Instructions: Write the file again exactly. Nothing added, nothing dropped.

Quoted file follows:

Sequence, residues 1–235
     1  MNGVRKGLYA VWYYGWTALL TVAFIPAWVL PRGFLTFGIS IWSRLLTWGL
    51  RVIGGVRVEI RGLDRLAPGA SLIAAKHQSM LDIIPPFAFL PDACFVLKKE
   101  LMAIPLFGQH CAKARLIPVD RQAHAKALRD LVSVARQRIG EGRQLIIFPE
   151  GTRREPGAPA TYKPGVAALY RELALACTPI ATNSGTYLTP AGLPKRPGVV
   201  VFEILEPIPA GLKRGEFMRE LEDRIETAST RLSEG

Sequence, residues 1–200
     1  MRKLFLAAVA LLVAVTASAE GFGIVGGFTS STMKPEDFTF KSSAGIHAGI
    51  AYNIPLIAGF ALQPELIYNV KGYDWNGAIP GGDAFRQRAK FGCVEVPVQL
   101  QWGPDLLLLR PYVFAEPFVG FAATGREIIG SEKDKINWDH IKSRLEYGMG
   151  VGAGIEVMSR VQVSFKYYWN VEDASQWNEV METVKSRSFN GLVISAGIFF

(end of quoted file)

Sequence, residues 1–235
     1  MNGVRKGLYA VWYYGWTALL TVAFIPAWVL PRGFLTFGIS IWSRLLTWGL
    51  RVIGGVRVEI RGLDRLAPGA SLIAAKHQSM LDIIPPFAFL PDACFVLKKE
   101  LMAIPLFGQH CAKARLIPVD RQAHAKALRD LVSVARQRIG EGRQLIIFPE
   151  GTRREPGAPA TYKPGVAALY RELALACTPI ATNSGTYLTP AGLPKRPGVV
   201  VFEILEPIPA GLKRGEFMRE LEDRIETAST RLSEG

Sequence, residues 1–200
     1  MRKLFLAAVA LLVAVTASAE GFGIVGGFTS STMKPEDFTF KSSAGIHAGI
    51  AYNIPLIAGF ALQPELIYNV KGYDWNGAIP GGDAFRQRAK FGCVEVPVQL
   101  QWGPDLLLLR PYVFAEPFVG FAATGREIIG SEKDKINWDH IKSRLEYGMG
   151  VGAGIEVMSR VQVSFKYYWN VEDASQWNEV METVKSRSFN GLVISAGIFF